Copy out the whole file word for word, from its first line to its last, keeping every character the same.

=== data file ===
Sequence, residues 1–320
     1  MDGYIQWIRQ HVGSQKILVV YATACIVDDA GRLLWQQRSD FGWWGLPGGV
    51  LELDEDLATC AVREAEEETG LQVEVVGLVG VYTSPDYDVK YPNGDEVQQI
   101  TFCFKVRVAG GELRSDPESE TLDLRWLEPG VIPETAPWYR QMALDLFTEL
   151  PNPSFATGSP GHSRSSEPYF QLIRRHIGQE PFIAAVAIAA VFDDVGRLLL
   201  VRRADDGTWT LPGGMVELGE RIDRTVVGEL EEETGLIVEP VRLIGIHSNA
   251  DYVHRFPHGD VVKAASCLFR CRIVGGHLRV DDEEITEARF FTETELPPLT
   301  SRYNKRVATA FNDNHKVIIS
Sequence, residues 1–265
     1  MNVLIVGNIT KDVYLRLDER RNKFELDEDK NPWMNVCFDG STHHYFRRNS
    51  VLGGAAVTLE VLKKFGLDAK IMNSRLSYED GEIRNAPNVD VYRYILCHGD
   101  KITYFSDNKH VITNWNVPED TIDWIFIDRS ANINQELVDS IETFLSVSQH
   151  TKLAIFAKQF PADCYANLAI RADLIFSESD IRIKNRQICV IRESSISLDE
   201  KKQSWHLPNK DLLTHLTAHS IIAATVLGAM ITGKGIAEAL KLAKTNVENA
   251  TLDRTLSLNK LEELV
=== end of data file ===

Sequence, residues 1–320
     1  MDGYIQWIRQ HVGSQKILVV YATACIVDDA GRLLWQQRSD FGWWGLPGGV
    51  LELDEDLATC AVREAEEETG LQVEVVGLVG VYTSPDYDVK YPNGDEVQQI
   101  TFCFKVRVAG GELRSDPESE TLDLRWLEPG VIPETAPWYR QMALDLFTEL
   151  PNPSFATGSP GHSRSSEPYF QLIRRHIGQE PFIAAVAIAA VFDDVGRLLL
   201  VRRADDGTWT LPGGMVELGE RIDRTVVGEL EEETGLIVEP VRLIGIHSNA
   251  DYVHRFPHGD VVKAASCLFR CRIVGGHLRV DDEEITEARF FTETELPPLT
   301  SRYNKRVATA FNDNHKVIIS
Sequence, residues 1–265
     1  MNVLIVGNIT KDVYLRLDER RNKFELDEDK NPWMNVCFDG STHHYFRRNS
    51  VLGGAAVTLE VLKKFGLDAK IMNSRLSYED GEIRNAPNVD VYRYILCHGD
   101  KITYFSDNKH VITNWNVPED TIDWIFIDRS ANINQELVDS IETFLSVSQH
   151  TKLAIFAKQF PADCYANLAI RADLIFSESD IRIKNRQICV IRESSISLDE
   201  KKQSWHLPNK DLLTHLTAHS IIAATVLGAM ITGKGIAEAL KLAKTNVENA
   251  TLDRTLSLNK LEELV